As soon as your savings account reaches 1k, I would buy a short term CD to maximize interest. Do this every time you reach 1k and you will have staggered maturity rates which I think is the best thing for you. If you have to tap a CD early, the penalties are really pretty minimal and you will be out little or nothing if you have had the CD for at least 3 months

    Bookmark   June 21, 2006 at 3:12PM
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I agree with the above, brennafly.

Do you know the rates of interest that operate on your credit card debt? If the accounts are on store-issued cards and you have regular cards as well, it's likely that the rates there are quite a bit lower.

And on your student loan? That'll be a lot lower, I'm pretty sure.

Another good thing about those certificates of deposit is that they can be used as collateral for a short-term loan to help with emergency.

Sounds as though you're on a sensible track - keep at it.

Learning how money works is an interesting hobby - that pays well.

ole joyful

    Bookmark   June 21, 2006 at 4:56PM
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If you are a recent graduate, your student loan probably has a low interest rate. Pay the minimum on that.

Get rid of the credit card debt.

Your savings accounts, stop putting half toward each... figure out what you really need in your emergency account. "Loss of job" counts as an emergency. You should have enough to live off of for at least 3 months (maybe 6) in an easily accessible account. Figure out what you need in this account and put as much as you can towards it until you meet that goal. Then stop.

When you have your emergency account up to speed, figure out what you want in your "big purchases later account" and start putting money there as appropriate. Depends on what you're saving for and how long in the future.

If you have employee matching, put at least that much in your retirement account. Above that, you really need to look at your personal plans; are you saving for a house, think you'll need a new car in a year, that kind of thing, to decide how much to put in the "big purchase" savings, and how much toward retirement. Don't neglect retirement, but also don't forget that what you put in an IRA or 401K can't be used easily if you have other goals, which at your age you certainly do.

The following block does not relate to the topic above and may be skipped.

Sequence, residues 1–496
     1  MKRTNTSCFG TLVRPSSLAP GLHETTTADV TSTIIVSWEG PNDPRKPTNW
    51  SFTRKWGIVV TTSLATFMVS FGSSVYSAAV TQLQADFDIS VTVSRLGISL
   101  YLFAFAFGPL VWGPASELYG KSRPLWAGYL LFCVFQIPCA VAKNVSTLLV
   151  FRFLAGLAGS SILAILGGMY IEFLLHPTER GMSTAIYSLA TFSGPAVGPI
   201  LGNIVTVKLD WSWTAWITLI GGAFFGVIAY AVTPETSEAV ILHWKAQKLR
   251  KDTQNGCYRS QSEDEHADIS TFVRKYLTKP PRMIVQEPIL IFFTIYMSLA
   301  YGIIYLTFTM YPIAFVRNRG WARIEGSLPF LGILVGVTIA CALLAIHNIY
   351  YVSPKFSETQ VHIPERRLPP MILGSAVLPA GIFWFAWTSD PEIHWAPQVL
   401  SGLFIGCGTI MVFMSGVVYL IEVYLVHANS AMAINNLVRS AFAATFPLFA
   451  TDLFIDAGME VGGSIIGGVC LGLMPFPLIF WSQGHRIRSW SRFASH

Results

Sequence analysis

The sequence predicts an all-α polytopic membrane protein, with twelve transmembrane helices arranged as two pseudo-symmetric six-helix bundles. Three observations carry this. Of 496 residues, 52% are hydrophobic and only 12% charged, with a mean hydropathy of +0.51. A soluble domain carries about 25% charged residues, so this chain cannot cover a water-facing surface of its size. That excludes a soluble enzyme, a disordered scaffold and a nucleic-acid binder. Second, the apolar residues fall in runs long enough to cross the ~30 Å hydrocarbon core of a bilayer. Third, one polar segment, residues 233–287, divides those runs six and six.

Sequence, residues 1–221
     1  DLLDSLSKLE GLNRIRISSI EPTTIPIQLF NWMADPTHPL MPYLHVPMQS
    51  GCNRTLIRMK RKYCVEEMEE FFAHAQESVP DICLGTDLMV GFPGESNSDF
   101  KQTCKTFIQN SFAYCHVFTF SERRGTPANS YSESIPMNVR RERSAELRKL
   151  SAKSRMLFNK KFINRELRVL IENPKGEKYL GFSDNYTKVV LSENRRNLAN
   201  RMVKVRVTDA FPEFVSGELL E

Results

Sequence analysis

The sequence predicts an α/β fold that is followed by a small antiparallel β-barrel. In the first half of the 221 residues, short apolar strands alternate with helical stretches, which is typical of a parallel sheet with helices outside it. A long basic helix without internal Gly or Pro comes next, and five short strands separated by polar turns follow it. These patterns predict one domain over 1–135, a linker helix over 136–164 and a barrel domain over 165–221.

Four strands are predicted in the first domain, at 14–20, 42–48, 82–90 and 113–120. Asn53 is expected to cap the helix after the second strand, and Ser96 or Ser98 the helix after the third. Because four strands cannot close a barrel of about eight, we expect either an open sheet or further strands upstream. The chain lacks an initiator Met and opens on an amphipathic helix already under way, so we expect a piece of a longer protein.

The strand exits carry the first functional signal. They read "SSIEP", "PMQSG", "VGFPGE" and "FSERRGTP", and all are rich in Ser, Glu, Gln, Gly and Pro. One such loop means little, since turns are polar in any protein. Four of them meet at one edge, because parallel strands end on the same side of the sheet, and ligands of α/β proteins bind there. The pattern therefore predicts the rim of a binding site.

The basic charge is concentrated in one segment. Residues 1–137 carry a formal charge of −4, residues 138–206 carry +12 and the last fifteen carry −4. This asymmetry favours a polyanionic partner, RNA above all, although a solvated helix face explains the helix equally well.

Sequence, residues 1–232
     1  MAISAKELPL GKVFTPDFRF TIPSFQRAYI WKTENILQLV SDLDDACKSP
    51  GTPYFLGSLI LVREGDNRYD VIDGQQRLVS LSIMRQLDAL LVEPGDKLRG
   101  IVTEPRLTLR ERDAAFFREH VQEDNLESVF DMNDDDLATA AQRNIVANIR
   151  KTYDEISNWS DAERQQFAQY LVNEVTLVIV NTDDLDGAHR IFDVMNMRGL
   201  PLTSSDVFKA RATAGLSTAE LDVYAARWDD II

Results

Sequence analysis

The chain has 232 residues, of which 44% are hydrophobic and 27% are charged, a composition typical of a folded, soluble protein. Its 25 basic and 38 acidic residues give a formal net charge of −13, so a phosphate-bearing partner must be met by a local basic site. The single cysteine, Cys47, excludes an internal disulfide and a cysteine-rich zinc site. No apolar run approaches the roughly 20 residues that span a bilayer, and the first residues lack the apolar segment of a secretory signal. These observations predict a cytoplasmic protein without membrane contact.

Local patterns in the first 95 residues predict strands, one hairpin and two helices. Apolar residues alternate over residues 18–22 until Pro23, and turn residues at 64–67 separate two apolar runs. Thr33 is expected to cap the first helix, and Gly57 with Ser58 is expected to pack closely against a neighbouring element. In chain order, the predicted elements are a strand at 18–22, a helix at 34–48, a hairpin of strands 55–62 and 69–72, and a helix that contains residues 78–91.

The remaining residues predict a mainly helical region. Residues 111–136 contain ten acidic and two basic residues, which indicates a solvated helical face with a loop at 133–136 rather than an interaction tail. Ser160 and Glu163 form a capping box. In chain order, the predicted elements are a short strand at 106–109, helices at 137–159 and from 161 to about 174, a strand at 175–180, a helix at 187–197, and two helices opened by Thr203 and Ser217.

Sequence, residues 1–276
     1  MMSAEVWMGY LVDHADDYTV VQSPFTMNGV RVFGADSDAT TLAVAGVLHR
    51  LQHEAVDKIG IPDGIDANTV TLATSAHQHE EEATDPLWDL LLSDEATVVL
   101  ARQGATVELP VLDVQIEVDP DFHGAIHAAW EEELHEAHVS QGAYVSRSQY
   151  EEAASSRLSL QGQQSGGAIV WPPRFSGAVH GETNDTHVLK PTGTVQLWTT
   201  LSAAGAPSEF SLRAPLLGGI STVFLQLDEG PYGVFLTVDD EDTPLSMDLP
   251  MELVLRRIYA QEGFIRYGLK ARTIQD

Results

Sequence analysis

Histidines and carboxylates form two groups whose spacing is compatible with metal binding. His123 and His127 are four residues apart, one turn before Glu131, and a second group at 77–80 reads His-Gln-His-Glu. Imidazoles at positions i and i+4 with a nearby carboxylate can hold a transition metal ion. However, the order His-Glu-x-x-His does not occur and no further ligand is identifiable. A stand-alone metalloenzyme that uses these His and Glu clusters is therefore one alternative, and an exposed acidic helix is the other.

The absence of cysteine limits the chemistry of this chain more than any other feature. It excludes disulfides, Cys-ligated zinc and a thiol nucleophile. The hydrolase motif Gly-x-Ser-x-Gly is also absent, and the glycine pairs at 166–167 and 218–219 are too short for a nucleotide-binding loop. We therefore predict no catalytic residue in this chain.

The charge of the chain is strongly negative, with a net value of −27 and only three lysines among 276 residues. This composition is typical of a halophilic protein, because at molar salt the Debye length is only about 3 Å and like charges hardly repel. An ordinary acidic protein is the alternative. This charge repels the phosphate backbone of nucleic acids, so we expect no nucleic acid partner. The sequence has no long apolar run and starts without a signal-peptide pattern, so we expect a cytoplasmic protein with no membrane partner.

So, my advice is get rid of that CC first, then get that emergency account up to where you want it. Those are the most important at your stage. Then figure out your personal goals for how to split between retirement and other savings. Minimum on the student loan (unless I'm wrong about the interest rate).

And, pat yourself on the back for thinking about financial planning and retirement. The debt seems overwhelming (and the student loan is a lot of money, true), but you are actually doing pretty well it sounds like.

    Bookmark   June 21, 2006 at 5:20PM
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First, it's awesome that you're even thinking this way! Good for you!

I guess I mostly agree with the earlier posters that getting rid of CC debt is an extremely high priority.

I like the balance of your other priorities, though I might change if you said something about your retirement savings. Is it a company plan with a match? If so, that
match is just free money and optimizing that as much as possible is important.

You sound like you may already know something about the time value of money, but if you don't know about it there is a website called dinkytown with a bunch of free financial calculators that you can use to see what happens to savings over time, debt over time, etc.

    Bookmark   June 21, 2006 at 6:51PM
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Thanks for all the advice.

To clarify a few things:
I have two credit cards, one from my bank and the other from my CU, the debt is split evenly between the two and rates, while high are not astronomical (like store cards). I've decided to put $100/mo towards each.
The savings that I can't easily get to is for "real" emergencies (like losing my job, car crash, etc.) and the other savings account is for non-everyday expenses (new tires, over on my cell minutes). If the unusual expense money was in checking, I would spend it without even realizing it. I also knocked down the amount to $100/mo so I could increase CC.
I have 2 loans. One is a consolidated Federal loan, about $21,000. The other is a private loan with a much higher interest rate. Right now, the plan is to pay minimum on the federal loan and "overpay" the other by about $40 while I can. Should that extra $40 go somewhere else?